- new parent blog
4 Tools and Tips for Link Prospecting Keyword Research
This is the fun part, and an aspect of link building about which there's very little written, especially in comparison to the pages and pages written on SEO keyword research! The hallmark of a great link prospecting phrase is that it connects you, via your search engine of choice, with the deepest-possible list of qualified prospects.
Luckily, a number of tools and tips will help you do this job faster and more efficiently. And yes, I told the SEOChat group that there were no great tools for link prospecting research. You can thank them for this list.
Before digging in you will certainly want to have a two to three prospecting phrase seed list -- these can be your market defining keywords, or even your "biggest head" SEO keywords.
- Tool: Google Related Results I use this function heavily when digging for prospecting phrases. When logged into your Google account it's in the left nav, click "more search tools," then "Related searches." I used to scroll to the bottom of my SERPs, but will now forevermore just use this tool since I discovered it existed.
- Tool: Advanced Query Operators Advanced query operators are more about using Google well as a research tool than they are a distinct tool. That said, as a link builder constructing link prospecting phrases you should know them really, really well.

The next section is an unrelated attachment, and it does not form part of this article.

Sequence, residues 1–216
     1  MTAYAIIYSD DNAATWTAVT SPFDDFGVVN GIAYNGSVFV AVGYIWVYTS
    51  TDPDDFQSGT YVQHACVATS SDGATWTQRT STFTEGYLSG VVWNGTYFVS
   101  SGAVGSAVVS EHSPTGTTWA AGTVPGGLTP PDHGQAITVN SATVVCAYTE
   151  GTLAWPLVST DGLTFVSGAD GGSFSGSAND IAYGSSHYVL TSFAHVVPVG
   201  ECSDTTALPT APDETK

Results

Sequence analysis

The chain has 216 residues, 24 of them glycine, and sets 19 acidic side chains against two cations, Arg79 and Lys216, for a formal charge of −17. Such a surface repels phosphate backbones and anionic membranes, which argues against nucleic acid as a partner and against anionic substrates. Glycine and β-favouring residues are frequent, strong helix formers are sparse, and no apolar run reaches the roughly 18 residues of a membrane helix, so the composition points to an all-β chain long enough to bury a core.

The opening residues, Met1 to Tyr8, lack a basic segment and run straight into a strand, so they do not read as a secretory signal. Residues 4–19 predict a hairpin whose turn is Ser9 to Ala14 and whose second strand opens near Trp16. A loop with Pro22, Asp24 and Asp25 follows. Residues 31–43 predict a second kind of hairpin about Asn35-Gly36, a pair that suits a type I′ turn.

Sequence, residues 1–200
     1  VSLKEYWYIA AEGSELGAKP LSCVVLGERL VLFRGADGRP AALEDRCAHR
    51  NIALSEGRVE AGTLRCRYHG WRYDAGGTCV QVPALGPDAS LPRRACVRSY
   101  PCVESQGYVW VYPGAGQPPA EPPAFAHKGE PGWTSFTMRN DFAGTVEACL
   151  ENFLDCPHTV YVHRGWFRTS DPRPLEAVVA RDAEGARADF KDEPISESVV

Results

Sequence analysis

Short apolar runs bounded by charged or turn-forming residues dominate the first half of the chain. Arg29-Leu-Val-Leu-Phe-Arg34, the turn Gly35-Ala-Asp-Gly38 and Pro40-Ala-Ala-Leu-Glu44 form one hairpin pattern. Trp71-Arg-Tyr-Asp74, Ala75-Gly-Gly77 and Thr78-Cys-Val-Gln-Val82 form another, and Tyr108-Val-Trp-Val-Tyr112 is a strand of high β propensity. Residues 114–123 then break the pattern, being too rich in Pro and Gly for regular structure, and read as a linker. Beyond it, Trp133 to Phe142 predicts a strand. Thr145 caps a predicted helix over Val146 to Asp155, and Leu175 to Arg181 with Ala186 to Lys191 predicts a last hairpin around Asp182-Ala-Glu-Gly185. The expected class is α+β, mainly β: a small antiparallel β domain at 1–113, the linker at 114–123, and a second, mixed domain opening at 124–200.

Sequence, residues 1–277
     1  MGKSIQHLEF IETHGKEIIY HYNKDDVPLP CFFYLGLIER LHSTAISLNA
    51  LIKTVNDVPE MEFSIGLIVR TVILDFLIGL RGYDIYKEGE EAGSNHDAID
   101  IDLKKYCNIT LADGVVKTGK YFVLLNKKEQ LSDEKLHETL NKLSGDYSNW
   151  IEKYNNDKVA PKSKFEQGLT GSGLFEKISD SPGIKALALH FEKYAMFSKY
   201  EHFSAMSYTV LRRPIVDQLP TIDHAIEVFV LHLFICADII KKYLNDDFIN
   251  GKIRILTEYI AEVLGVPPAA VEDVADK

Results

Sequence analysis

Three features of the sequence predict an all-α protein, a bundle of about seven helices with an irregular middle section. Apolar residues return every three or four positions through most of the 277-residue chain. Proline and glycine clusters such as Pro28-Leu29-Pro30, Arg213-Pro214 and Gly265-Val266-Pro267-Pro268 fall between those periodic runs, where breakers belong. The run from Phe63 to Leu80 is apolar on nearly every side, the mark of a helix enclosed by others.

- Tool: Google Wonder Wheel This guide to using the Google wonder wheel for link building will help you dig into prospecting phrase research. Remember when researching your phrases you're not looking for prospects yet, just the keywords that define them.
- Tool: Soovle Soovle taps into the search completion and suggestions from (it looks like) 11 different sites. I used to use search completion at Google quite a bit for prospecting phrase research. Now I use Soovle.
- Tip: Google SERP Snippets The Google SERP snippets themselves are typically loaded with prospecting phrase ideas, especially when sites are actively targeting keywords you hadn't thought of in the first place. Further, you may discover non-competitive footprints that prospects have in common with each other. Here's one example of such a footprint.
- Tip: Client Conversations I'm frequently astonished by my own assumptions when it comes to prospecting phrases. After conducting my own research I'm almost always shocked to discover how off base I was once I have a conversation with a client. Google simply can't know all the prospecting phrases out there, and how a niche or market names or describes itself is very different from how you'd instinctively describe it. I'd also recommend forum research too if there are active forums in the vertical you're researching.
Growing the School!
While link building queries and prospecting have been written about extensively, finding great phrases is typically conflated with other stages of the process. That said, I'm certain I've missed some tools and resources for link prospecting keyword research. If you know of any, please share them in the comments!